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All in all, “Elseworlds” wound up being a fun if imperfect crossover event, and I think there’s a lot the Arrowverse can learn from it moving forward. For one thing, having the midseason finales air before the crossover, rather than after it, is a much better structure that helps drill home the idea that the crossover is its own independent miniseries. (Although, I still hate the thought of someone binge-watching Supergirl on Netflix next year and jumping right from “Bunker Hill” to “Elseworlds, Part 3.”) I really loved that this year’s crossover was more stripped down than last year’s and that it gave Barry and Oliver (and to a lesser extent Kara) plenty of time to hang out with each other. The Arrowverse is full of wonderfully endearing characters, and hopefully “Crisis On Infinite Earths” will remember that spending time with them is just as important as mind-bending plot mechanics.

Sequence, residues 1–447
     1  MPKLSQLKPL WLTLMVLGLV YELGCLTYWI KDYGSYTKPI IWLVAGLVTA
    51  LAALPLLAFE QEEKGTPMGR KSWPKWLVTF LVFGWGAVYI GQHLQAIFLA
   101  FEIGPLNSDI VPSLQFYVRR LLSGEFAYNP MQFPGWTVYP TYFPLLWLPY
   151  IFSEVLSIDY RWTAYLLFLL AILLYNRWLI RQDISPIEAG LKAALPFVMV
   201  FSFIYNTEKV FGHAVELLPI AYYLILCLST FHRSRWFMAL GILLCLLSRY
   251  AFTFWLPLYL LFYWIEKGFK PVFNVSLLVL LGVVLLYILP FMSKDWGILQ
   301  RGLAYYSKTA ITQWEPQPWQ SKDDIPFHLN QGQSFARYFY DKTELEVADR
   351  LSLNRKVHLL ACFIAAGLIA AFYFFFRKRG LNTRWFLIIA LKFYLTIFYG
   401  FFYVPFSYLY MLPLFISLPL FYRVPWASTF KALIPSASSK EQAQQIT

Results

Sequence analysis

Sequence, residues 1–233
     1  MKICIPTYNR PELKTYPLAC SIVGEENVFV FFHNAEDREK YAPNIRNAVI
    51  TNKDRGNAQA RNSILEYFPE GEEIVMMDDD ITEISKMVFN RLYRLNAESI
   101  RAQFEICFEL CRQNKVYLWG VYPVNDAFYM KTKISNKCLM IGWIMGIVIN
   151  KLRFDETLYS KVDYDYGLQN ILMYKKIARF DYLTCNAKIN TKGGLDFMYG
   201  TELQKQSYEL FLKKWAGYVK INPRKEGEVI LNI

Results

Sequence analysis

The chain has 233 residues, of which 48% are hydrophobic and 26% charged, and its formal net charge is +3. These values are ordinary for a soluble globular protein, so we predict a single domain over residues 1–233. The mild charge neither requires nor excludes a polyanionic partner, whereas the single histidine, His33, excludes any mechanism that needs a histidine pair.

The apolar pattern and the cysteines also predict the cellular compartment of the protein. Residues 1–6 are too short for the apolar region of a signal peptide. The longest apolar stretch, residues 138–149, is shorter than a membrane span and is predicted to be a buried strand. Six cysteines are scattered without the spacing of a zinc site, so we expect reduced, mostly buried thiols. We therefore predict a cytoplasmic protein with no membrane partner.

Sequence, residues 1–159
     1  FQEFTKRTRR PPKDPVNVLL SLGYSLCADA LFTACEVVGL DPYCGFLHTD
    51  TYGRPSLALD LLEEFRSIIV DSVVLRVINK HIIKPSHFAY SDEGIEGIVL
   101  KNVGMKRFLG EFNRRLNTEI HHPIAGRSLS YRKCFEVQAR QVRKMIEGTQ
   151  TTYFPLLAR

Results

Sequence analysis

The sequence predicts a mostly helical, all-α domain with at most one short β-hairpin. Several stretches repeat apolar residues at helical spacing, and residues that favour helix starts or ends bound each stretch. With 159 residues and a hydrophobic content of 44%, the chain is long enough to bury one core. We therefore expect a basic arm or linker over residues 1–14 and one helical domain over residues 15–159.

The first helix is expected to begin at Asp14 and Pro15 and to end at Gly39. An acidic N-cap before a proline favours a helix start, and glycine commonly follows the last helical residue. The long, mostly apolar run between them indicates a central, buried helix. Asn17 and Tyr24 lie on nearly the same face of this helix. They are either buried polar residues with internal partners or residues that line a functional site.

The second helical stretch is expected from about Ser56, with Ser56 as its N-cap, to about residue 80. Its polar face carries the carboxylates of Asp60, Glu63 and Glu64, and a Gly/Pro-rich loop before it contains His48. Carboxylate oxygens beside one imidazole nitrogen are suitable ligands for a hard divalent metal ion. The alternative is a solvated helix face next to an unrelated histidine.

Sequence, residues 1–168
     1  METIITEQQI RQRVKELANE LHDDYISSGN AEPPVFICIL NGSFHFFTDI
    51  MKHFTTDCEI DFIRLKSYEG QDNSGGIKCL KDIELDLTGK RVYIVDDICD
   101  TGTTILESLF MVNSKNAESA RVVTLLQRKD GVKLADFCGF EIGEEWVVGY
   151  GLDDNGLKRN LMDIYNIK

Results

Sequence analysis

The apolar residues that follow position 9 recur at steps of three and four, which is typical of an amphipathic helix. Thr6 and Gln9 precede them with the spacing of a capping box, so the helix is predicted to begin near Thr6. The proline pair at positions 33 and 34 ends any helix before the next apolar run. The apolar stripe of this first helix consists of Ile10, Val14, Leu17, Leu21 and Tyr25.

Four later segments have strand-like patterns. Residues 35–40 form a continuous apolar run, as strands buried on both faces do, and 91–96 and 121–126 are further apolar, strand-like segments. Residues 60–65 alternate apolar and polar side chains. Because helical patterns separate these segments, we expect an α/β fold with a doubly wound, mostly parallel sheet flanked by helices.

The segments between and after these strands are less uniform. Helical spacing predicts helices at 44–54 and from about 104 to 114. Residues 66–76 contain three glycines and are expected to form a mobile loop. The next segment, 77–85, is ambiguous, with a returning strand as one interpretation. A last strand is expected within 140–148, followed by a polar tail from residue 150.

Stray observations

  • I’m slightly partial to last night’s Arrow intro being redone with Grant Gustin, but I also enjoyed Evil Superman’s take on the Supergirl intro too.
  • I had written some pretty furious notes about Oliver and Barry putting a bunch of kids’ lives in danger to escape from Evil Superman. Thankfully, the show not only delivered a handwave about the kids not actually being in danger, it also offered some great comedy in Barry feeling like he was going to throw up at the thought of being a bad guy.
  • The MVP of this episode is Carlos Valdes as Evil Cisco. He was so great! On the other hand, real Cisco openly admitting that Kara is his favorite Kryptonian in front of Clark (!!!) was even colder than anything we saw Mr. Ramon do.
  • There was a moment in that final Kara/Alt Alex scene where I thought, “What are the ethics of falling in love with a woman you’ve never met who says she’s your adopted sister in an alternate universe?”